Rain clutter limits the maximum range at which a scanner can detect a given target. Heavier rain, larger-range resolution cell, and greater range increase clutter in the resolution cell and decrease the maximum range at which a target may be detected. The two systems exhibit similar rain clutter performance at 16 nautical miles because their resolution cells are the same size at that range setting. Broadband is better at shorter ranges, as much as five times better, because range resolution is better, but worse at longer ranges because range resolution is poorer.
Wave clutter similarly limits maximum detection range. However, whereas rain clutter steadily increases with distance because the resolution cell increases, wave clutter reaches a peak where the front surface of the wave is perpendicular to the scanner. Wave clutter decreases at shorter and longer ranges. The point of maximum wave clutter increases as wave height increases and as the scanner’s mounting height increases. Overall, wave clutter is a short-range problem, and broadband’s superior range resolution at short range gives it superior performance in wave clutter.
Minimum range. Range resolution controls how well the scanner separates targets. Displaying the information to the user is another matter. Using a photography analogy, you need enough pixels on the display to give good visual detail. The minimum range setting on a typical conventional scanner, 760 feet (0.125 nautical miles) matches the 33-foot range resolution. Broadband’s four-fold to five-fold better range resolution nicely matches the four-fold better minimum range setting, 200 feet. That is, broadband provides coverage in the sub-800 foot range that conventional is incapable of providing.
Invisible targets. The different internal pulse characteristics have other consequences. Since the pulses are quite different, broadband radar does not detect conventional radar and vice versa, which means that the two systems do not interfere with each other. It also means that broadband will not trigger RACONs (radar beacons), SARTs (search and rescue transponders), active radar target enhancers such as the Sea-Me and EchoMax, and radar detectors such as the CARD (collision avoidance radar detector) system. Owners of broadband systems should be aware that they cannot detect many of the modern electronic navigation aids. In addition, captains who have mounted active radar target enhancers and CARD systems should be aware that they are not effective against broadband systems.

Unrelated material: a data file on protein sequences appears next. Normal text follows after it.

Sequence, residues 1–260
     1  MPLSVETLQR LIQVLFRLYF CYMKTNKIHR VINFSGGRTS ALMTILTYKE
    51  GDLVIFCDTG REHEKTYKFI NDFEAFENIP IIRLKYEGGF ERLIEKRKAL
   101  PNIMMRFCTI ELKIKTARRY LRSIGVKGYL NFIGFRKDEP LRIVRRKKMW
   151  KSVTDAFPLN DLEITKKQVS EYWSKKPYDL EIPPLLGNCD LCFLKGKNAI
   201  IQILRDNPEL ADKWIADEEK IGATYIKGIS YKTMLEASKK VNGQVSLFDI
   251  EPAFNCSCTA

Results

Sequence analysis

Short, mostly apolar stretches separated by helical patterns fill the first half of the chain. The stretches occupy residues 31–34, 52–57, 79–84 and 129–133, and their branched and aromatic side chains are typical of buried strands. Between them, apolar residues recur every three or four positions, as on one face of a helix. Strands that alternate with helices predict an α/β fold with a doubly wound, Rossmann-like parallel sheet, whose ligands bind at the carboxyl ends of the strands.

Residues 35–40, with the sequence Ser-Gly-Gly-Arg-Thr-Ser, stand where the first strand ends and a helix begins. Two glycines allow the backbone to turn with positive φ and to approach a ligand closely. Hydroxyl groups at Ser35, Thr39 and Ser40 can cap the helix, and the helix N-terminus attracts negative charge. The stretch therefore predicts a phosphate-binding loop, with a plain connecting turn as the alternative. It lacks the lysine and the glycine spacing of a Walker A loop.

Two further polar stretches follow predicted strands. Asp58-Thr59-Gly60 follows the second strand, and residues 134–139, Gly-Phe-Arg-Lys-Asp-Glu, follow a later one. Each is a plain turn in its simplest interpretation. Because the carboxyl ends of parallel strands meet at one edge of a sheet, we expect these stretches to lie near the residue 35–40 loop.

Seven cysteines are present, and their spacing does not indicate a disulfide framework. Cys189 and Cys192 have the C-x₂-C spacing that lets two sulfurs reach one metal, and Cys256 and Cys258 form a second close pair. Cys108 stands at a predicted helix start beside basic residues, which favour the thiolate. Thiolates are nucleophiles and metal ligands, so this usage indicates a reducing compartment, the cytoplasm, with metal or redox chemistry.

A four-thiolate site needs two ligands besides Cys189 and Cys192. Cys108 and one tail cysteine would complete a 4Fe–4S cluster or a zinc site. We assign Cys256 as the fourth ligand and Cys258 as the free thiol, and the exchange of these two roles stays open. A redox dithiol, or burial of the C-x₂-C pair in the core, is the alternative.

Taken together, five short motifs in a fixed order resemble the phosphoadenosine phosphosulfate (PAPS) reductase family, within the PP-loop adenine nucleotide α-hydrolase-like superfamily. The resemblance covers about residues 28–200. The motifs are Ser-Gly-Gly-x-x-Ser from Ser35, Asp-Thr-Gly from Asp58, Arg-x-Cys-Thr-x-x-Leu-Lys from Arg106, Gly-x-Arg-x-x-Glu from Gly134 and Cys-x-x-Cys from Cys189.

Conclusion. The distinctive features of broadband radar stem from the desire for low power. Low power requires longer pulses to get adequate energy on target. Pulses so long that emitted and received pulses overlap require frequency modulated pulses. This, in turn, allows no main-bang blanking and very high-range resolution at short range. Superior range resolution at short range means superior performance in wave and rain clutter. Superior range resolution at short range also facilitates very sharp detailed displays of close-in vessels and structures, and makes possible much shorter range settings than found on conventional scanners.
On the other hand, low power leads to poorer target detection performance. If you are interested in short-range performance, large targets, operations in clutter, and crisp displays, select broadband. If you are interested in long-range performance, small targets, and operation in heavy rain and thick fog, pick conventional. If triggering RACONs, SARTs, CARD systems, and active radar target enhancers are important, pick conventional.
Philip Gallman is a sailor and an electrical engineer who has done radar research for the Defense Department.
As this issue of Ocean Navigator was going to press, Simrad Yachting announced an upgraded version of the BR24 radar, the Broadband 3G, providing 30 percent better range and target performance. Examining the performance improvement with the help of engineers at Navico Americas, it is clear that some of the improvement comes from tweaking the electronics and some comes from increasing the transmit power.
On the one hand, increased transmit power decreases safety slightly and increases power consumption slightly, but in neither case is the difference significant when compared to comparable conventional pulse radar. On the other hand, increased transmit power increases pulse energy and hence improves target detection performance (target size vs. range). Indeed, at short-range settings for which conventional radar uses very short duration pulses, Broadband 3G pulses have more energy than conventional radar pulses, meaning that broadband detection performance should be better than conventional at short-range settings.
On balance, the Broadband 3G provides improved target detection with unchanged safety, power consumption, and display sharpness compared with the BR24. Moreover, target detection is at least as good as comparable conventional radar for range settings shorter than about one nautical mile.